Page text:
Course 2 – Essentials of Pumping Technology

For those students who have day-to-day involvement with pumps and pumping systems, this course aims to provide the knowledge needed to cover normal situations. Likely students are all personnel who manage, or are involved in, designing, specifying, selling, sourcing, installing, servicing and maintaining pumping equipment.

Course 2 qualification recognises the ability to gain and – where relevant – apply a range of knowledge and understanding. Learning at this level involves building knowledge and is appropriate for the many job roles.

  • Overview
  • Pump basics
  • Maths refresher
  • Physics refresher
  • Liquid flow (including cavitation)
  • Inlet features
  • Outlet features
  • Rotodynamic pumps
  • PD pumps (general)
  • Rotary PD pumps
  • Reciprocating PD pumps
  • Drives and seals
  • Energy
  • Pumps systems
  • Metals
  • Pump seclection
  • Satutory requirements
  • Glossary and credits
  • References

The course is arranged in chapters, each concluding with a short test that constitutes the coursework. Subject to satisfactory6 coursework, a final assessment is authorised. A pass rate of 60% must be achieved in the final assessment in order to gain a BPMA certificate which will show a grading of Pass, Credit or Distinction. The course will take up to 90 hours to complete.

Each student will initially go through approximately 50 pages of physics and mathematics tuition in chapters 3 and 4 as a refresher to ensure they will understand all of the information covered.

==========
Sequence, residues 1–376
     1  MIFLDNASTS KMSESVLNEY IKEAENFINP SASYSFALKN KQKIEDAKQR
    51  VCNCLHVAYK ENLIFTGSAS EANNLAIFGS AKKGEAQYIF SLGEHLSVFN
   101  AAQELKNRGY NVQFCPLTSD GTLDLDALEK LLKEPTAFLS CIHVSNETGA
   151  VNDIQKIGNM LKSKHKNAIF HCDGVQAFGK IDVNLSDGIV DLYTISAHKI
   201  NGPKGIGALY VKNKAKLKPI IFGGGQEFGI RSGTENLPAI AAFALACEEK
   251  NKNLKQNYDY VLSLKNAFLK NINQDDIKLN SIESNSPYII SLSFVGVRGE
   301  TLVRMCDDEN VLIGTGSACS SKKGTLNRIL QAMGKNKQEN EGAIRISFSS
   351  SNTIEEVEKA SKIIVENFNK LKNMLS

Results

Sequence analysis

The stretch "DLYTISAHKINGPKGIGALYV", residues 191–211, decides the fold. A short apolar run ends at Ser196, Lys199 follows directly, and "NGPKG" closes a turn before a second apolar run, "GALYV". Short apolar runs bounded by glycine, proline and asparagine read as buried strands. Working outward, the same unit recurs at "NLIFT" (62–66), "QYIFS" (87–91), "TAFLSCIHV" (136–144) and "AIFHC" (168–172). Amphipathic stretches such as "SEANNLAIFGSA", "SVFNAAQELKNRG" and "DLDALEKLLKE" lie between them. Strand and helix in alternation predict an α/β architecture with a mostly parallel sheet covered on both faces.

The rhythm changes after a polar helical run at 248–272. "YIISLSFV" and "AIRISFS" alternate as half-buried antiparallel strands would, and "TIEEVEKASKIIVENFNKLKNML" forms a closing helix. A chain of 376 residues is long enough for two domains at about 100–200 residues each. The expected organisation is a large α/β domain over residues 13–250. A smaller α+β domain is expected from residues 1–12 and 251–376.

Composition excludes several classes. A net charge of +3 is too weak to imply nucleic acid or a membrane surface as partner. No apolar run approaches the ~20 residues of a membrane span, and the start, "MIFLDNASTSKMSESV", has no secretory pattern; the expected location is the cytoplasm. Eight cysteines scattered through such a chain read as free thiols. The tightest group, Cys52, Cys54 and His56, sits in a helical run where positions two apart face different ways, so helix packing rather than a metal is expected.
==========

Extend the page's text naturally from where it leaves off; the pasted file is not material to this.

The next three chapters cover all the main features you would expect to find when researching liquid flow, pump inlet and outlet conditions. Chapters 8, 9, 10 & 11 are the main chapters of the course and offer a wealth of information on Rotodynamic, General PD, Rotary and Reciprocating pumps with over 230 separate topics covered – making this the most comprehensive piece of pump training available.

To operate pumps you generally need to seal them to prevent leakage and rotate them at a suitable speed – chapter 12 covers the current options available.

As pumps are one of the largest users of motive electricity, chapters 13 and 14 discusses energy and energy reduction. The system and how a pump reacts to different issues that can occur is reviewed.

One particular area that is rarely identified in pump training, because of its complexity, is metallurgy and chapter 15 includes the eight forms of corrosion amongst other useful information which should assist the student in making the correct material choice.

Finally Section 16 covers information on all types of pumps to ensure the correct pump will be selected.

Individual tests follows each chapter to ensure the student has fully understood the contents.

The final test is taken from a large pool of questions covered in the course content.

For further information and to register: http://www.bpma-elearning.co.uk